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Mental health trust pulls out of chronic fatigue service


East London Foundation Trust (ELFT) has stopped taking referrals for patients with chronic fatigue syndrome in City and Hackney and will cease running the service from April this year.

City and Hackney clinical commissioning group (CCG) said the mental health trust had decided to end the service because it considered the provision ‘not part of their core business'.

The CCG is planning to commission a new Complex Chronic Conditions service locally that would include the existing pain clinic service at St Leonards Hospital.

In the meantime GPs have been told to refer new patients to the Royal Free Hospital.

Chronic Fatigue syndrome, also known as ME or myalgic encephalomyelitis, is a debilitating long-term illness with a wide range of symptoms including extreme tiredness.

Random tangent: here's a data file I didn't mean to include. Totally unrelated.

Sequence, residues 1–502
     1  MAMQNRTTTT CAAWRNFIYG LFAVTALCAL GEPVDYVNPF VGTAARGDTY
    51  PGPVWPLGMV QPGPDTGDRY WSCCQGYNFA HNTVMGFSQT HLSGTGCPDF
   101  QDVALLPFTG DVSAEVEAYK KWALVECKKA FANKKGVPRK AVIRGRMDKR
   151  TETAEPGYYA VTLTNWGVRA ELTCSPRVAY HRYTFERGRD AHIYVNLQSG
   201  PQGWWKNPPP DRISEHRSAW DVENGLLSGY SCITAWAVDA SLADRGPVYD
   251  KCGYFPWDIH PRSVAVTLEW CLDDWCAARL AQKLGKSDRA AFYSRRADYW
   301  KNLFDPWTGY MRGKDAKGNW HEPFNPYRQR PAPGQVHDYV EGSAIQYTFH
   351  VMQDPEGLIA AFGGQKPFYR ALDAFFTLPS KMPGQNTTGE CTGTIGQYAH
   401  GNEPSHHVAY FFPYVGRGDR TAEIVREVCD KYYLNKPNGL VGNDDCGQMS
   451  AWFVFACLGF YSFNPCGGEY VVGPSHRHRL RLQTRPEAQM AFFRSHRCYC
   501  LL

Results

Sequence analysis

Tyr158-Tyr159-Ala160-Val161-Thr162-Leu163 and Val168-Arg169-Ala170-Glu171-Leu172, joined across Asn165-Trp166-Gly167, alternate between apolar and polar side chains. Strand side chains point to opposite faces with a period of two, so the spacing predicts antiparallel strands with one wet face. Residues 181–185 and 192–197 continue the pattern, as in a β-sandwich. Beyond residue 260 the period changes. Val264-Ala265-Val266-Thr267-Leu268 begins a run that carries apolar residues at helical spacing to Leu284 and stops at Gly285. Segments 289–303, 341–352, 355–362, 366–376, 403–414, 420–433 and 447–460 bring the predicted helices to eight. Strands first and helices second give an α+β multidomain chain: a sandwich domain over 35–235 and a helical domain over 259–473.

Around 70 patients a year in City and Hackney are referred to the chronic fatigue service. Around 50 of these patients go on to receive specific treatment for chronic fatigue.

Under-18s who show symptoms of chronic fatigue will continue to have an initial assessment with the child and adolescent mental health services (CAMHS).

Children who require treatment will be referred to the Royal Free Hospital's all-age service.

A CCG spokesman said: ‘It is planned that a City and Hackney-only service will be provided locally as part of the Homerton pain clinic. 

‘Joining pain and chronic fatigue together makes clinical sense as the two share some similarities in terms of treatments. It also means that we will be able to retain local provision.’

He said the new service was expected to be operational ‘later this year’ but in the meantime local GPs had been asked to refer patients with Chronic Fatigue to the Royal Free Hospital.

Read about treatments available for Chronic Fatigue Syndrome on the NHS Choices and ME Association websites.



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